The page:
(behn' juh mihn) Personal name meaning, “son of the right hand” or “son of the south.” The second son Rachel bore to Jacob. He became the forefather of the tribe of Benjamin. His birth was difficult, and his mother named him Benoni, which means “son of my sorrow.” She died giving him birth. His father Jacob, however, did not let that name stand. He gave the child the name Benjamin, which means “son of the right hand.”
The tribe of Benjamin occupied the smallest territory of all the tribes. Yet, it played a significant role in Israelite history. Saul, Israel's first king, was a Benjamite. Furthermore, the city of Jerusalem was near the border between the territories of Benjamin and Judah and may have been in Benjamin originally (Joshua 18:16;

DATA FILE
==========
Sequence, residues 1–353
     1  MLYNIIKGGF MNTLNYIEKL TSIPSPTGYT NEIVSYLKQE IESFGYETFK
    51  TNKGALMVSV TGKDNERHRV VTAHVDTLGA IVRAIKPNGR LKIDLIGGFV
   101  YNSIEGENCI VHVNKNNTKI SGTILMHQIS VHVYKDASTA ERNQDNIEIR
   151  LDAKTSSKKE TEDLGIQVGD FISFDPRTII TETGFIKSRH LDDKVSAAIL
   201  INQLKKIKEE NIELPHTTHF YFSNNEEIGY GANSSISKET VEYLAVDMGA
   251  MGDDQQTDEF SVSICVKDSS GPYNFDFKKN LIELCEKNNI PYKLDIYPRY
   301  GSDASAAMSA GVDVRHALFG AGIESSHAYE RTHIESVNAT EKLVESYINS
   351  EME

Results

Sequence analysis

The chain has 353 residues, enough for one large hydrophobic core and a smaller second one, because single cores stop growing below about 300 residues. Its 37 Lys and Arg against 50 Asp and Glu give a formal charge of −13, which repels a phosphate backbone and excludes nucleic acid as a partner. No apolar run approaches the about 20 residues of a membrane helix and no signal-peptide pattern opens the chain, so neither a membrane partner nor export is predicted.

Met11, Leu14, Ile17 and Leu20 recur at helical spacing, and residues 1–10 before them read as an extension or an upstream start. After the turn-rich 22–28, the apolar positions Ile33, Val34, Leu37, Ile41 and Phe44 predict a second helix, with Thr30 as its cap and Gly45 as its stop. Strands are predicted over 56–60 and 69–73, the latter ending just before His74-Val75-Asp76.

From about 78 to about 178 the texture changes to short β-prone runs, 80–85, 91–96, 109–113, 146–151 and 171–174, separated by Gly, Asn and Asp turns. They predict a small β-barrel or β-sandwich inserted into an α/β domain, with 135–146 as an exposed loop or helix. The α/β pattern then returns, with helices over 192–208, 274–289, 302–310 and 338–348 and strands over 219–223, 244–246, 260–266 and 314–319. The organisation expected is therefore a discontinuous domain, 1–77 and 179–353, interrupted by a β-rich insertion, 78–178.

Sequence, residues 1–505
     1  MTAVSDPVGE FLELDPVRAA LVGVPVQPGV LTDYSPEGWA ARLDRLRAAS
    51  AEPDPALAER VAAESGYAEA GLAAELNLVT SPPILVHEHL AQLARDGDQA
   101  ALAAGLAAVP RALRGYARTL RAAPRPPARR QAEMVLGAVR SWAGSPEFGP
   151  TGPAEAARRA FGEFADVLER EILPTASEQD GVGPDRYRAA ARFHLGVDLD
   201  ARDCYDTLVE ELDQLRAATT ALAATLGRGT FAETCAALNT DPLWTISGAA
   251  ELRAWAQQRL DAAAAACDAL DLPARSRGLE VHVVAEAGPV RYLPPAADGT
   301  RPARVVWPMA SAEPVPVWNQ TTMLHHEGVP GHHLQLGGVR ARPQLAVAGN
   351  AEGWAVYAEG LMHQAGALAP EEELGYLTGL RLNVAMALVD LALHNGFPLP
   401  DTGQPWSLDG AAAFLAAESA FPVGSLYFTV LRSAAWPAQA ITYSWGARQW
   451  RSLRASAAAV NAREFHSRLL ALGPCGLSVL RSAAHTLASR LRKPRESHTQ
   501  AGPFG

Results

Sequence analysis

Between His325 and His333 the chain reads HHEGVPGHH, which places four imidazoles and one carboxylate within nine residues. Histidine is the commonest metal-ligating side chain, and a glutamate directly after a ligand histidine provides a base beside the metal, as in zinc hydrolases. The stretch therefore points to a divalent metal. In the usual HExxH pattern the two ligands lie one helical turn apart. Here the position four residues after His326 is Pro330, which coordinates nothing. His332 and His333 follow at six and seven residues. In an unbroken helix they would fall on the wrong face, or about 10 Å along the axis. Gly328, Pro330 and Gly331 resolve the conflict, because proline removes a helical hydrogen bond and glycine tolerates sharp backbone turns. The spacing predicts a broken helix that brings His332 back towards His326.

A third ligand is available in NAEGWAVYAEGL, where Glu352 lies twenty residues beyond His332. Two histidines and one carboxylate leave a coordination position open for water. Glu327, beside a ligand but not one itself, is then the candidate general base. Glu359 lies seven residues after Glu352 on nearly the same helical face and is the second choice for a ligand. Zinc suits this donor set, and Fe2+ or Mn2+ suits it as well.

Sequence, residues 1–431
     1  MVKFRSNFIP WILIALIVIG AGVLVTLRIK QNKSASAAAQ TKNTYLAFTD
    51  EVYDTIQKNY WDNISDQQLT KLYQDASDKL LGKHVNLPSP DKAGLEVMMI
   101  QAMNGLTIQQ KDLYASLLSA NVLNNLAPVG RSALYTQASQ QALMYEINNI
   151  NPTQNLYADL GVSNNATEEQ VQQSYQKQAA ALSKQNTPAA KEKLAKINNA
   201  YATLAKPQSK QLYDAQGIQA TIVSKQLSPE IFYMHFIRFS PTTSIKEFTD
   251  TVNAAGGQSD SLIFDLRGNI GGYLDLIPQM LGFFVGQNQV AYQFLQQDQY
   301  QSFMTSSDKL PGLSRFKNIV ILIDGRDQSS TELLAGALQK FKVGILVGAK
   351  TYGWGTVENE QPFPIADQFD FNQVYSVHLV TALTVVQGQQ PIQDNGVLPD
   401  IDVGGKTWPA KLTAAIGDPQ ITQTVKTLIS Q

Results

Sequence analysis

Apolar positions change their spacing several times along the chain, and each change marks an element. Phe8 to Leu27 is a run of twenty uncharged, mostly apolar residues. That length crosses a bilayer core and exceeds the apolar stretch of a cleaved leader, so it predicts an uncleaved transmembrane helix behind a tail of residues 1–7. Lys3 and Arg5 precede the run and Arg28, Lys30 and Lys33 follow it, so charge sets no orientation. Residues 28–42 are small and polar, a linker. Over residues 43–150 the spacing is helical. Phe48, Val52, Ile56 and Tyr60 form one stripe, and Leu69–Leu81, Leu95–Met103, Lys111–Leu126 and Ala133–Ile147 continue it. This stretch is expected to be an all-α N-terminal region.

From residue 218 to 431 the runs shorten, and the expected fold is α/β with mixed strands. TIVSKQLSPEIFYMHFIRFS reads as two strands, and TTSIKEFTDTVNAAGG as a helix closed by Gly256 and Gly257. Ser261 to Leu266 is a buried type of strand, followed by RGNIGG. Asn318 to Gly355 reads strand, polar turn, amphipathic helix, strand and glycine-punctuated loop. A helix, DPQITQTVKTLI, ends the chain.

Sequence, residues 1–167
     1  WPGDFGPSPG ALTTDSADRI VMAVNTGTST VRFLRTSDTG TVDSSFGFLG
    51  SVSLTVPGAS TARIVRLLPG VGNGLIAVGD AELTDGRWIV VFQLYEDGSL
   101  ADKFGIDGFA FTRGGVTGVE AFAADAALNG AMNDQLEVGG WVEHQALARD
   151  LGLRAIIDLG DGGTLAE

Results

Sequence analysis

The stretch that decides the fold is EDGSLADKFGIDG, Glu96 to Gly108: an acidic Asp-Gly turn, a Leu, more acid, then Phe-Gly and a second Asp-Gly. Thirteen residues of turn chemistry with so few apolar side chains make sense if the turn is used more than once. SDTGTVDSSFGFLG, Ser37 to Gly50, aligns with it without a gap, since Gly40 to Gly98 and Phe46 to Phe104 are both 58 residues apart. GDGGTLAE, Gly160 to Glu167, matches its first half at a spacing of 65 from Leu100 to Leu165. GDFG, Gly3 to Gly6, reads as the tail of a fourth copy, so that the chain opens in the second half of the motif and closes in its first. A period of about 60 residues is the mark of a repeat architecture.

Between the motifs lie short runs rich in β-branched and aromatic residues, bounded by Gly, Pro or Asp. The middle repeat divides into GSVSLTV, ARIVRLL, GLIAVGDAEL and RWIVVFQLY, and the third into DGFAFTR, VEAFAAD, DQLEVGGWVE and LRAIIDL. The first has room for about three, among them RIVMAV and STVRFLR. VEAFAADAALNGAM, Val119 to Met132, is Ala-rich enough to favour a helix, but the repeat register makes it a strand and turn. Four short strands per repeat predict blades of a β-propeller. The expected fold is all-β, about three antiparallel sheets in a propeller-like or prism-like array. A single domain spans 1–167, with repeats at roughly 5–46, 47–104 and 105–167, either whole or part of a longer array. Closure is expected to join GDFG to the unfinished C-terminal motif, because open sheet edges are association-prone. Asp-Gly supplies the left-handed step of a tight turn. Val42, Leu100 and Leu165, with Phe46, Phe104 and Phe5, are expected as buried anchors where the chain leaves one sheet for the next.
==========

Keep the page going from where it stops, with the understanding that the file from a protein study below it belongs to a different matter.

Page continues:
Judges 1:21). Benjamin's appetite for territory may be seen in Jacob's blessing (Genesis 49:27). Moses' blessing highlights Benjamin's special place in God's care (Deuteronomy 33:12). Late in the period of the judges, Benjamin almost disappeared from history when they mistreated a Levite and his concubine (Judges 19-21).
In the New Testament, the apostle Paul proudly proclaimed his heritage in the tribe of Benjamin (Romans 11:1;
Philippians 3:5). See Tribes of Israel; Patriarchs.